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NEW SAVANNA: Ethical Criticism and Digital Criticism Online

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  • Bill Benzon
    Colleagues, This is a follow-up to yesterday s post on discription. ThatÆs a preliminary to todayÆs post, which is more generally about the possibilities for
    Message 1 of 1 , Oct 8, 2013
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      This is a follow-up to yesterday's post on discription. That’s a preliminary to today’s post, which is more generally about the possibilities for collaborative online learning in literary and cultural criticism. In particular, I want to stress the need to extend this learning beyond the academy and into the general public.


      I've also taken my Language Log post on literary criticism and computational linguistics, added a conclusion and a postscript, and posted the entire document as a PDF to my SSRN page:


      From the postscript:

      I believe that the work currently being done in natural language processing (NLP) in literary studies will, in time, redeem the work that I did back in the 1970s and 1980s. That work is predicated on the idea of computation and the expression of that idea in the early cognitive sciences and in computational linguistics, in which I was instructed by David Hays.

      Literary studies missed the boat on the so-called cognitive revolution and, despite the emergence of cognitive criticism in the middle and late 1990s, literary studies still hasn’t gotten the message. Briefly and crudely, the cognitive revolution is what happened when the idea of computation hit the human sciences. By the mid-1980s, however, the first wave of cognitivism had died down and newer work arose in which one could easily miss the importance of computation. That work – I’m thinking particularly of cognitive metaphor and conceptual blending, theory of mind, and mirror neurons – is what captured the attention of literary cognitivists and allowed them to go cognitive while not having to come to grips with computation.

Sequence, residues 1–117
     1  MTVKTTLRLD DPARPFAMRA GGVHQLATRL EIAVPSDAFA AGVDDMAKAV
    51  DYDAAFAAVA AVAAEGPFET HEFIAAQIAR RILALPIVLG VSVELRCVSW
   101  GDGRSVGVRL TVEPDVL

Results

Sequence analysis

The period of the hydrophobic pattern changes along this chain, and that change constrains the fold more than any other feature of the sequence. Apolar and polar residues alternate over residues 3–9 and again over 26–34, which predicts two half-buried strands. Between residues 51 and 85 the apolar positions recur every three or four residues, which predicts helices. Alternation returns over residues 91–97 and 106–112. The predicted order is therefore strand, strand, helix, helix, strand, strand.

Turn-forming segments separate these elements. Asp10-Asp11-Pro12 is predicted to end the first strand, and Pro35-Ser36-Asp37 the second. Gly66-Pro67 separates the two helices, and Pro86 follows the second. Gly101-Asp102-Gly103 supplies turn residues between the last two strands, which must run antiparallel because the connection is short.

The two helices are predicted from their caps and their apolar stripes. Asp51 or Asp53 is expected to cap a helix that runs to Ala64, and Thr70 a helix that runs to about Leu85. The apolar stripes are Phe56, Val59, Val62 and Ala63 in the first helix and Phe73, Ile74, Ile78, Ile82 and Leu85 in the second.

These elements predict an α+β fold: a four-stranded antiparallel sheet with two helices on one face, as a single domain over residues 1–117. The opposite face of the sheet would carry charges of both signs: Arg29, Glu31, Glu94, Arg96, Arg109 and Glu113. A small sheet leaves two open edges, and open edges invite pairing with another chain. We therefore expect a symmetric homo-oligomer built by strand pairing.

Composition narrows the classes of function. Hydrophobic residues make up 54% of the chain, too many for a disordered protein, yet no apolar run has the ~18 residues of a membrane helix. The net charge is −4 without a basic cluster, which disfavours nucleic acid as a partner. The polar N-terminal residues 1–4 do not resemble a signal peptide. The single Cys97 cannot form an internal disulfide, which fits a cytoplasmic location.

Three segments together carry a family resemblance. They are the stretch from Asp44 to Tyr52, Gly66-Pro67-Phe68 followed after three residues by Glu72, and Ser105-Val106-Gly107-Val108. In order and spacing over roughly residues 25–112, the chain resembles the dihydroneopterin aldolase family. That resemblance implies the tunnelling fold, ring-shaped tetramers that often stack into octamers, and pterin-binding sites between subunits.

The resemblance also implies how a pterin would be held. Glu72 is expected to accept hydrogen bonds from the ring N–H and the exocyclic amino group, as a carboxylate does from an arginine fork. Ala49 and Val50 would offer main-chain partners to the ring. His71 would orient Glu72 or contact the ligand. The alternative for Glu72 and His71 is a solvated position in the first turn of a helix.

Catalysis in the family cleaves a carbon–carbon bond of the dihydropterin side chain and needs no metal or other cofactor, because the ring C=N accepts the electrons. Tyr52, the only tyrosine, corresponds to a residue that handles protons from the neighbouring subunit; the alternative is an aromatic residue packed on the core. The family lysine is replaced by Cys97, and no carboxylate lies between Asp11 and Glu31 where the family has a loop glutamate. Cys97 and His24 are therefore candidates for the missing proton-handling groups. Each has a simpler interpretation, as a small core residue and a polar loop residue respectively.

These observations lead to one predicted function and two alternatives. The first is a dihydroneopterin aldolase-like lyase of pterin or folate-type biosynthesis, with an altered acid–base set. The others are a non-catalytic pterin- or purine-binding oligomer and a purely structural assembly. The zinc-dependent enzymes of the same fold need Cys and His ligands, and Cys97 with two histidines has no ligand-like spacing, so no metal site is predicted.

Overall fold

That blissful ignorance may persist for another decade or two, but not much longer, for the implications of literary work based on the techniques of NLP will require critics to think about computation, not simply as a tool for crunching large piles of data, but as a process in the minds of readers and writers. … When those days come, people will have no choice but to think more deeply about the strange conceptual objects coughed up by these high tech picks and shovels. Investigators will find themselves inching inevitably toward a computational understanding of texts themselves, and of the minds of which those texts are evidence and from which they are products. When those days emerge investigators will find a rich and various literature awaiting their attention.

      Bill Benzon

      222 Van Horne, 3R
      Jersey City, NJ 07304

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